Four days after Marie McCausland gave birth to her first child, the hospital sent her and her husband home with their new baby boy. Hours later, she felt awful: severe chest pain, a splitting headache and spiking blood pressure. When she laid down to rest, the symptoms got worse. “I just had this feeling like, ‘If I go to sleep, I’m not going to wake up,’” says McCausland.
The hospital’s discharge materials said nothing about her symptoms, but McCausland remembered the ProPublica/NPR story she’d read one week earlier about Lauren Bloomstein, who died soon after childbirth from preeclampsia, a type of high blood pressure that only occurs in pregnancy or postpartum. Recognizing Bloomstein’s symptoms in herself, McCausland and her husband packed up their four-day-old baby and rushed to the closest emergency room in Cleveland.
The first ER doctor she saw tried sending her back home with blood pressure meds, even as her face had become so bloated she barely recognized herself. But McCausland stood her ground. “I said, ‘I’m not leaving here with this high blood pressure. I really think it’s preeclampsia.’” McCausand waited in the ER for another seven hours before the doctor consulted with an obstetrician at another hospital — who immediately registered her symptoms as severe preeclampsia and directed proper treatment.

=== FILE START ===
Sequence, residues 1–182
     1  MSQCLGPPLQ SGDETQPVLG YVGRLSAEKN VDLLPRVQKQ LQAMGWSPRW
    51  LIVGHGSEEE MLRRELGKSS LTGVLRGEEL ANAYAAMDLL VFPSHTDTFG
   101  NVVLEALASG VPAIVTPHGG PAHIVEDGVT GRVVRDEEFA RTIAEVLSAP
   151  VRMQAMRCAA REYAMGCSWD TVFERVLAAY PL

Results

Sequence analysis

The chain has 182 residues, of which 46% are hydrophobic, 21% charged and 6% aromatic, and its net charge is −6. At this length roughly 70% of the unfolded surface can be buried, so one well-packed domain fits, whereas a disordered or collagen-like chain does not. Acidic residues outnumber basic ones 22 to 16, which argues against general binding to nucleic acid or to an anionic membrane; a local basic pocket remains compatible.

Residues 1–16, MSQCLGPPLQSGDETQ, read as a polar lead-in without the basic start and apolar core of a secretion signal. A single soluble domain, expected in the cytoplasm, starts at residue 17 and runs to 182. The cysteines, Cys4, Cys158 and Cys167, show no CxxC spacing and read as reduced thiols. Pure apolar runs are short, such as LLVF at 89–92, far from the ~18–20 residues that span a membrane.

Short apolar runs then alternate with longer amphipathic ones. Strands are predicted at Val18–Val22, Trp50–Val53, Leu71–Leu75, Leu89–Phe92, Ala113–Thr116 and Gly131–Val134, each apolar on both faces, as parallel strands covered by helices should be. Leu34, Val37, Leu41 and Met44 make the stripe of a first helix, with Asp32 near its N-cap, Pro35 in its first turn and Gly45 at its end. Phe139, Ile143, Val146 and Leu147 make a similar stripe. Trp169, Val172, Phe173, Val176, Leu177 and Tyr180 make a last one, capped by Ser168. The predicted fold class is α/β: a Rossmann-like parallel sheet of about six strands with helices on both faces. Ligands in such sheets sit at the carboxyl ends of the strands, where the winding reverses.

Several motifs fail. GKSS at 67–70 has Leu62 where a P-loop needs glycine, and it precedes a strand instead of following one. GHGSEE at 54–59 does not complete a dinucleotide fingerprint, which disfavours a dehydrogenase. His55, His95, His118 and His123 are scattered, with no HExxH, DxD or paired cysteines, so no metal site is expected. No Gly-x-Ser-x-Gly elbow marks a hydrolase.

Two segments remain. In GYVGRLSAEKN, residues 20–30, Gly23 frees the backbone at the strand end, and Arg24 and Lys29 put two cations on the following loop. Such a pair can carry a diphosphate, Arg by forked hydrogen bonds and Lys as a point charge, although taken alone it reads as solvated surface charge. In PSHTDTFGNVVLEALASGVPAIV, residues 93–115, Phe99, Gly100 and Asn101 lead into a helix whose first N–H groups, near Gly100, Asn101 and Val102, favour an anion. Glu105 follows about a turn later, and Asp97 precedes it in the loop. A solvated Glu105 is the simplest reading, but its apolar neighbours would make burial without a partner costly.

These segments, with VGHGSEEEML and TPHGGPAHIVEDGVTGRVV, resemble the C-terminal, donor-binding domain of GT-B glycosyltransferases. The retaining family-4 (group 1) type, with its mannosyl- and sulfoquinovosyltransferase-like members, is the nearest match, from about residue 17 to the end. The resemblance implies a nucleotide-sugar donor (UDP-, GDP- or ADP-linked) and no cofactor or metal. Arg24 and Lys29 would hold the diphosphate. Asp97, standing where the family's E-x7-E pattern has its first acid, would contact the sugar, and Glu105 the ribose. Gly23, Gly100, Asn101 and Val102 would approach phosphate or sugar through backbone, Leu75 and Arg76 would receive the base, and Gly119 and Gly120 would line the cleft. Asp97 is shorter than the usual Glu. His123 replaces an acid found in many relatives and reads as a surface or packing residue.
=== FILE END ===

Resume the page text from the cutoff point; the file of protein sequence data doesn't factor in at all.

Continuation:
“ProPublica’s reporting literally saved my life, and it’s changed the course of my life,” said McCausland, who had spent the better part of her graduate career working to become an HIV researcher. “Now I’m trying to figure out how to get into maternal health advocacy as a career.”
She’s off to a good start: A few months after her near-death experience, she contacted the hospital’s Chief of System Quality for Obstetrics, pushing them to improve its protocol. The hospital updated its discharge papers to include a list of potentially dangerous postpartum symptoms, so new mothers now know what conditions to look out for.